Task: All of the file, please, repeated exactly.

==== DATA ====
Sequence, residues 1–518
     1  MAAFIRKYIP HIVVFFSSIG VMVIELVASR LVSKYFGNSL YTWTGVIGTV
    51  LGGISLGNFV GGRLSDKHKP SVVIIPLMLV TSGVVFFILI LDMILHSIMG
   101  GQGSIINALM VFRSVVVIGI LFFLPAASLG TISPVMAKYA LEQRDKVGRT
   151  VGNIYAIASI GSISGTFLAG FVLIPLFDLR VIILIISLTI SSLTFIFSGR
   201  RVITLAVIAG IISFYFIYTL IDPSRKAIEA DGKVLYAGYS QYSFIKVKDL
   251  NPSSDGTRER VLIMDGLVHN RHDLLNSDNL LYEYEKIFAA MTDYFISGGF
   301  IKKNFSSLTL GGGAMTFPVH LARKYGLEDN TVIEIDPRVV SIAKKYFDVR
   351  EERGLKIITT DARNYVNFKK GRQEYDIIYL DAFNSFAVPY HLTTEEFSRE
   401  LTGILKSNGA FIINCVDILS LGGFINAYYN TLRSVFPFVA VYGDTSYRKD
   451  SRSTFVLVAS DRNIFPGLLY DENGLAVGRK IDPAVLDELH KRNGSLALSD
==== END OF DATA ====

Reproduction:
Sequence, residues 1–518
     1  MAAFIRKYIP HIVVFFSSIG VMVIELVASR LVSKYFGNSL YTWTGVIGTV
    51  LGGISLGNFV GGRLSDKHKP SVVIIPLMLV TSGVVFFILI LDMILHSIMG
   101  GQGSIINALM VFRSVVVIGI LFFLPAASLG TISPVMAKYA LEQRDKVGRT
   151  VGNIYAIASI GSISGTFLAG FVLIPLFDLR VIILIISLTI SSLTFIFSGR
   201  RVITLAVIAG IISFYFIYTL IDPSRKAIEA DGKVLYAGYS QYSFIKVKDL
   251  NPSSDGTRER VLIMDGLVHN RHDLLNSDNL LYEYEKIFAA MTDYFISGGF
   301  IKKNFSSLTL GGGAMTFPVH LARKYGLEDN TVIEIDPRVV SIAKKYFDVR
   351  EERGLKIITT DARNYVNFKK GRQEYDIIYL DAFNSFAVPY HLTTEEFSRE
   401  LTGILKSNGA FIINCVDILS LGGFINAYYN TLRSVFPFVA VYGDTSYRKD
   451  SRSTFVLVAS DRNIFPGLLY DENGLAVGRK IDPAVLDELH KRNGSLALSD